NM Second Worst In Child Poverty, Legislature Overhauls Sexual Harassment Policy
Report: New Mexico's Second Worst State For Child Well-Being – The Associated Press
A new report says quality of life is low for children in New Mexico.
The 2017 New Mexico Kids Count Data Book found more children are living in poverty, are without health insurance and living in single-parent household than a year ago.
The report from the New Mexico Voices for Children ranked New Mexico as the second worst state in child well-being.
According to the report, 29 percent of New Mexico children live in poverty.
However, the report showed that there was slight improvement in the number of children in early childhood education and graduation rates. The teen births and the number of teens and adolescents abusing drugs and alcohol have decreased.
The group unveiled the report's findings Tuesday just as the Legislature convened for its 30-day session.
New Mexico Governor Urges Cooperation On Crime – The Associated Press
New Mexico Gov. Susana Martinez is sounding an optimistic note about rebounding state finances and urging lawmakers to approve tougher criminal penalties at the outset of a new legislative session.
Martinez delivered her final State of the State speech to the Legislature on Tuesday. She said the state's budget surplus has climbed to an estimated $330 million.
She called on Lawmakers to reform the state's gross receipts taxes on sales and business services and make funding for business incentives permanent.
She repeated calls to reinstate the death penalty. The proposal has been rejected repeatedly by the legislature.
New Mexico Nuclear Waste Repository Closed For Maintenance – The Associated Press
The nation's only underground nuclear waste repository is undergoing its first maintenance outage since it resumed operations a year ago.
Before then, the Waste Isolation Pilot Plant had been shut down for three years because radiation contaminated part of the facility.
The Carlsbad Current-Argus reports that maintenance crews will be updating power supplies, relocating fiber-optic cables and replacing other parts in the underground mine.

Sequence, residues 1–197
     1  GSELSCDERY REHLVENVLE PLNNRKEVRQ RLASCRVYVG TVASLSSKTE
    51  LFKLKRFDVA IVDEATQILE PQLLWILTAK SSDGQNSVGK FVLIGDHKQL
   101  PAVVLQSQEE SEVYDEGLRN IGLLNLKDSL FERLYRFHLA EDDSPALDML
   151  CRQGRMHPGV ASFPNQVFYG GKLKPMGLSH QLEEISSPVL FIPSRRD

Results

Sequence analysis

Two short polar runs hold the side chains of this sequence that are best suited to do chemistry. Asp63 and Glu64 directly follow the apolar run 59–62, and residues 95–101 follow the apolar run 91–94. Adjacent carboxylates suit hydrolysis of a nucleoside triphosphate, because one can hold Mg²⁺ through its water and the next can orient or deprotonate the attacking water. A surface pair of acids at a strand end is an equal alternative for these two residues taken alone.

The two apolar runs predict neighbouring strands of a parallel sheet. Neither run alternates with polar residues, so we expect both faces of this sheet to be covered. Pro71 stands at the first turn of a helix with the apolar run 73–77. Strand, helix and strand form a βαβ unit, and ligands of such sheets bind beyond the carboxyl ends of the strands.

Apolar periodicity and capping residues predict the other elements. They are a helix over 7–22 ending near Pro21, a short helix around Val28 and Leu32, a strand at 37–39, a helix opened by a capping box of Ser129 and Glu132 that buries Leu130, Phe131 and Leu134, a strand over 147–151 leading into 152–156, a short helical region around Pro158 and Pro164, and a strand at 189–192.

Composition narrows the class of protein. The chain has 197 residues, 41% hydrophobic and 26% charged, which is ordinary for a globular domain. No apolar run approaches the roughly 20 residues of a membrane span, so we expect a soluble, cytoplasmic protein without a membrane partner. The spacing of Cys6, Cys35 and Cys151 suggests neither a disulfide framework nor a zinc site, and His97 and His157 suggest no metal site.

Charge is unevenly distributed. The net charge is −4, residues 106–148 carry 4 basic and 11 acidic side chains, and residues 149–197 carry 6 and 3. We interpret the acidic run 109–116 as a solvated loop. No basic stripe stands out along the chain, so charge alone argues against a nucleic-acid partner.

The work is expecting to last until Jan. 26. Waste shipments will be on hold until the following week.
The facility disposes of waste from decades of bomb-making and nuclear research.
Budget Rebound Gives Governor, Lawmakers More Options - By Morgan Lee And Russell Contreras, Associated Press
Criminal justice initiatives and state spending increases for public education, law enforcement, Medicaid and economic development are at the top of the agenda as the New Mexico Legislature convenes for a 30-day session.
The session begins at noon on Tuesday with the State of the State address by Republican Gov. Susana Martinez.
State tax income is on the rise as lawmakers begin crafting a spending plan for the fiscal year that starts July 1. Pay increases are under consideration for teachers and state workers — with an added emphasis pay for the judiciary, law enforcement and corrections officers.
New Mexico government income for the coming fiscal year is expected to surpass annual spending obligations by nearly $200 million. The governor wants to raise an additional $99 million through tax and health care reforms.
Icy Weather Prompts Fatal Crashes In Northern New Mexico – KOB-TV, KRQE-TV
New Mexico State Police reported two fatalities Monday night as a result of icy roads in northern New Mexico.
KOB-TV reports police shut down part of Interstate 25 south of Las Vegas after icy conditions caused multiple crashes. At least two people were reported dead near Romeroville.
KRQE-TV reports southbound lanes near that town remain closed but the rest of I-25 is open.
KOB reported State Police also Tweeted about another fatal crash on US 550 near mile marker 113 northbound but no details were available.
New Mexico State Senate Fills Leadership Slot – Associated Press